When it comes to evaluating a miner, the analysis is quite simple but a little nuanced.
The basic question is: Are the company's costs covered by the sale of the underlying asset? If the costs can be kept and maintained at a minimum then there is considerable profit to be made if the value of the underlying asset is rising.
As mentioned above, Coeur estimates costs to be $9.50-$10.50 for an ounce of silver and $900-$950 for an ounce of gold.
Of course, Coeur is in the business of making money, and if the price of the metal gets too low, the company will not sell the metal at a loss. Instead, it would rather scale back or shut down operations.
This, in effect, sets a floor for the price of the metal and will cause a price rise due to the decreased supply and increased probable demand.
But here is where it gets a little more nuanced.
You can't just look at the daily prices of gold and silver and extrapolate how much money a miner would make by subtracting costs. Those tricky accountants muck it up a little using non-GAAP accounting methods to measure the costs.
Basically, the costs tabulated for an ounce of metal are the mining costs only – they do not include all the other costs associated with running a $1 billion company.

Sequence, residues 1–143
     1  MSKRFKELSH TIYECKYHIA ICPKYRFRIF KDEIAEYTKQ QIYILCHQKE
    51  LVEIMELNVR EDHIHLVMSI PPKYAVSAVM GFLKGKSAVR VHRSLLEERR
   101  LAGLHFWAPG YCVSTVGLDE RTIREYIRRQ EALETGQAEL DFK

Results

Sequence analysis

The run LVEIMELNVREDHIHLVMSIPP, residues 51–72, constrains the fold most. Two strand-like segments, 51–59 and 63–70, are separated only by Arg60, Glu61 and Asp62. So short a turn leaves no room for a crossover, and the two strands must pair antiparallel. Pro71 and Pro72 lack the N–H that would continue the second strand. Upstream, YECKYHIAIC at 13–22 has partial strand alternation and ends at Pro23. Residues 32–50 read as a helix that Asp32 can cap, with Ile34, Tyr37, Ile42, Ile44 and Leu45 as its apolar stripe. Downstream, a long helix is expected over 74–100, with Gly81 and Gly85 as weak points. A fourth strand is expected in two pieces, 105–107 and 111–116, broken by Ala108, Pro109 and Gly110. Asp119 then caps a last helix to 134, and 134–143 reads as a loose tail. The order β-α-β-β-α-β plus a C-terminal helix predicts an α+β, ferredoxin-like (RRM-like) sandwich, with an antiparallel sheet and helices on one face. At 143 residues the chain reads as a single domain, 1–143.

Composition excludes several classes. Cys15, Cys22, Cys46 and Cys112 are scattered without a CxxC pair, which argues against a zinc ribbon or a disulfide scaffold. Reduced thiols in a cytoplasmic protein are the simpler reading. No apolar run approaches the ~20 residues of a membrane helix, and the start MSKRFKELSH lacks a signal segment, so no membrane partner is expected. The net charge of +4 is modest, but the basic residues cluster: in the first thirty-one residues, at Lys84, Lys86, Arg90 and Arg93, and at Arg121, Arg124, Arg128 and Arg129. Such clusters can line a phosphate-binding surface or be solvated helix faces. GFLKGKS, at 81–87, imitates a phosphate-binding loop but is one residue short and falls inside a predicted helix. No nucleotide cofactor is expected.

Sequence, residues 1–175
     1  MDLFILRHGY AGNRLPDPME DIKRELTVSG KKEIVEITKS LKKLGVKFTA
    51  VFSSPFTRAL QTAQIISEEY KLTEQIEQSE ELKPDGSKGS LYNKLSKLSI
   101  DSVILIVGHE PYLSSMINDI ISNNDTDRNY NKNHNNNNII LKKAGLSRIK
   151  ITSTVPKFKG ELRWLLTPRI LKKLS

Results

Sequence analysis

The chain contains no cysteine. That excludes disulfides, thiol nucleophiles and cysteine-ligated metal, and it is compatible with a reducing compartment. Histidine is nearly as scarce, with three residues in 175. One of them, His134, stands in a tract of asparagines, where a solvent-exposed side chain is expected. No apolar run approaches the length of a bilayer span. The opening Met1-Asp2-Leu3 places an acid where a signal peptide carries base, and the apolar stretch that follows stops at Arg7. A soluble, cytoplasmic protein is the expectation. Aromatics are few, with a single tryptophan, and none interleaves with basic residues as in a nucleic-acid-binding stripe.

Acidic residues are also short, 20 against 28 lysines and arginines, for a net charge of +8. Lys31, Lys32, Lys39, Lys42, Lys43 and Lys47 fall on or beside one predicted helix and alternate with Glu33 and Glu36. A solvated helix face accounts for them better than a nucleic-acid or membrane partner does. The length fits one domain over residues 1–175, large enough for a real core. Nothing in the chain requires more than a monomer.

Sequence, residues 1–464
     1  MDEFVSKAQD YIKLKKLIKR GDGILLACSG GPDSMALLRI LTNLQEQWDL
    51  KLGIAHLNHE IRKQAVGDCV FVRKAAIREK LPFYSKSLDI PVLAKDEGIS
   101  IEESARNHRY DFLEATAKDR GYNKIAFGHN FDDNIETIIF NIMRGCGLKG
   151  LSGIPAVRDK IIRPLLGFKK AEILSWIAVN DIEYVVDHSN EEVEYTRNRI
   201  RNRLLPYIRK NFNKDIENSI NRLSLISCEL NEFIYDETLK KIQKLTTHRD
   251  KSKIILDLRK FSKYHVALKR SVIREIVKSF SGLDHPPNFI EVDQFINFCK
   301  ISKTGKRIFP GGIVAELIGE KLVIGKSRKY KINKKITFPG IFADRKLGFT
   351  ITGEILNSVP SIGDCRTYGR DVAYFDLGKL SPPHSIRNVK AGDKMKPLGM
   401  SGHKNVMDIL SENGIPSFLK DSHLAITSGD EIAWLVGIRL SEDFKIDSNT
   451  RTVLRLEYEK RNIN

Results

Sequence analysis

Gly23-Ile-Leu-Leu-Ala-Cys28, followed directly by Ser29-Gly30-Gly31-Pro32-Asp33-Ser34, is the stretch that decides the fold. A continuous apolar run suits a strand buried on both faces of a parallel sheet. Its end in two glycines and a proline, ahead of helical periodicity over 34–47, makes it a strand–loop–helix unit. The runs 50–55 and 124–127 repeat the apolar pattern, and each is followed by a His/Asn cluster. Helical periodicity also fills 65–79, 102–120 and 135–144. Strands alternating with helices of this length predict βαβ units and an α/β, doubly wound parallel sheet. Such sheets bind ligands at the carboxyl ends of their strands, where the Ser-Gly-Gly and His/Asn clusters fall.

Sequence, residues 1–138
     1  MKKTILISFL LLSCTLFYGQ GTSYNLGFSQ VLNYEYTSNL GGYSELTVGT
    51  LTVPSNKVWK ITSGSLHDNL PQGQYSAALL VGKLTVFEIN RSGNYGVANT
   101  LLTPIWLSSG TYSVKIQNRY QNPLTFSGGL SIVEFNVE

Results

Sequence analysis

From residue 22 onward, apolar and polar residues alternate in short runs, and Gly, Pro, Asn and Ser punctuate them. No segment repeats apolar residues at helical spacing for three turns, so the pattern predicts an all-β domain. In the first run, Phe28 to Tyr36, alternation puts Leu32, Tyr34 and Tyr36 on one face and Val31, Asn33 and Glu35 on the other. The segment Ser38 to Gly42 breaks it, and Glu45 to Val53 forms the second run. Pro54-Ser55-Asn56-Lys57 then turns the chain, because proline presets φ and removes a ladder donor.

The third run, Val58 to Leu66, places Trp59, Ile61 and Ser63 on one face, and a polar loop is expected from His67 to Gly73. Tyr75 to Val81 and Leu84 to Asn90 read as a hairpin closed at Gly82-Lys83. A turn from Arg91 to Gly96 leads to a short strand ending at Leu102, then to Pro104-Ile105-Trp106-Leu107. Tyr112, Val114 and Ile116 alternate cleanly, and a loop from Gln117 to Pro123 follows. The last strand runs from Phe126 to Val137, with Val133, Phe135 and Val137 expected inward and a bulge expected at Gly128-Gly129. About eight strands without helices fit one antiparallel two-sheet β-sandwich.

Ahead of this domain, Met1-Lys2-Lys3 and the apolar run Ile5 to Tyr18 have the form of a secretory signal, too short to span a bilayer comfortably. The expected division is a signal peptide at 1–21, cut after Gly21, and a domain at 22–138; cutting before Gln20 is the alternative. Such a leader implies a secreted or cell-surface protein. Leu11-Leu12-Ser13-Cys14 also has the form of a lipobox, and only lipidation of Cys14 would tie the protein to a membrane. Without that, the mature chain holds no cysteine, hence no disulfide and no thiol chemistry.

It is a bit misleading, to say the least, but even so, we can do a little "digging" of our own to see if costs are being managed appropriately and what is driving them.
To do so, we have to look at Coeur's most proven mines and their future prospects.
According to Coeur CEO Mitchell Krebs, "Production costs at our mines are on plan and we are now seeing some reductions versus budget thanks to a lot of hard work."
First, the Kensington gold mine in Alaska is now becoming more of a focus.
Since the metal price of silver suffered even more than the price of gold, Coeur slightly shifted its focus to the production and sale of more gold. Silver now accounts for 53% of total sales as opposed to the previous year when silver accounted for 68%.